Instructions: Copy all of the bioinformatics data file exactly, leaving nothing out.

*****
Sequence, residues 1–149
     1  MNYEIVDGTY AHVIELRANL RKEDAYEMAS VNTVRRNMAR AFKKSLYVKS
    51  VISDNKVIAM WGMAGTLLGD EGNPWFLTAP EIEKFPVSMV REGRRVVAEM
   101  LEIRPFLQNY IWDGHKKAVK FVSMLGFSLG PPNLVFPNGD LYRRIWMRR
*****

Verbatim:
Sequence, residues 1–149
     1  MNYEIVDGTY AHVIELRANL RKEDAYEMAS VNTVRRNMAR AFKKSLYVKS
    51  VISDNKVIAM WGMAGTLLGD EGNPWFLTAP EIEKFPVSMV REGRRVVAEM
   101  LEIRPFLQNY IWDGHKKAVK FVSMLGFSLG PPNLVFPNGD LYRRIWMRR